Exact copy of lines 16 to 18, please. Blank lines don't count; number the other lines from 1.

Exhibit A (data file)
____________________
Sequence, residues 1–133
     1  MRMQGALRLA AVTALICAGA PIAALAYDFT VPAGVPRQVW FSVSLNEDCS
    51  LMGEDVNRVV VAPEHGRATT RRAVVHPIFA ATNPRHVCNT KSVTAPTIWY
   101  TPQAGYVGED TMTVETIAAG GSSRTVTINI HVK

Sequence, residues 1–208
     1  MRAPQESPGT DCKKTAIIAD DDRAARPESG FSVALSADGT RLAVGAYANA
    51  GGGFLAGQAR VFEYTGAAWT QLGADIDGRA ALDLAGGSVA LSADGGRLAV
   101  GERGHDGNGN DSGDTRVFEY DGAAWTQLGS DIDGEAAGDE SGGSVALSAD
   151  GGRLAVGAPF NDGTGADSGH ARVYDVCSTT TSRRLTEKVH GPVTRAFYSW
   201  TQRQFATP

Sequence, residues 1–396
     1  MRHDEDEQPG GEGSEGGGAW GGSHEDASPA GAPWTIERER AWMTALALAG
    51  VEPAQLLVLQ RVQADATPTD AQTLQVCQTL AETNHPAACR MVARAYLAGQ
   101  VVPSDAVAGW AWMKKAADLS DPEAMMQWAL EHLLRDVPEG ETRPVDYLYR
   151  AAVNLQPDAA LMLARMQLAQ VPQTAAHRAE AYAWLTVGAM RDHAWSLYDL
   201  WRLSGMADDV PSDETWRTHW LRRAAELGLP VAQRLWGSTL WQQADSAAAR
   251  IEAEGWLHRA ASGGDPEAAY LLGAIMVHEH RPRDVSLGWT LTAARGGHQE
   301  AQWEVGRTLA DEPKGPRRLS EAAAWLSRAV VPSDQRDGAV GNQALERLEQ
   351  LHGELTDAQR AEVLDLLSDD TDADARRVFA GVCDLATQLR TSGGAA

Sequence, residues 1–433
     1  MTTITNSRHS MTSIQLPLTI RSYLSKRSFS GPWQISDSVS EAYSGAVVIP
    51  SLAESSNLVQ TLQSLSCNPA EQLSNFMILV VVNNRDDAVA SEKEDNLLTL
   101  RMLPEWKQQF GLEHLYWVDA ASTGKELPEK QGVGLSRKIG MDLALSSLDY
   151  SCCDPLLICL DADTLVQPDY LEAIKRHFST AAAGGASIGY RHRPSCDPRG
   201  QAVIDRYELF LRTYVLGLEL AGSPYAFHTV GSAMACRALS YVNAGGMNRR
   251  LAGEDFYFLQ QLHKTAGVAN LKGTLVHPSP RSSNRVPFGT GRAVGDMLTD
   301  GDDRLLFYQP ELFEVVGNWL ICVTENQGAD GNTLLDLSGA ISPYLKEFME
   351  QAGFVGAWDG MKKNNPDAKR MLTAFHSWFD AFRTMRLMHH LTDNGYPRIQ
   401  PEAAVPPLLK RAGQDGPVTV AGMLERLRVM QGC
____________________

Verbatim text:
   201  WRLSGMADDV PSDETWRTHW LRRAAELGLP VAQRLWGSTL WQQADSAAAR
   251  IEAEGWLHRA ASGGDPEAAY LLGAIMVHEH RPRDVSLGWT LTAARGGHQE
   301  AQWEVGRTLA DEPKGPRRLS EAAAWLSRAV VPSDQRDGAV GNQALERLEQ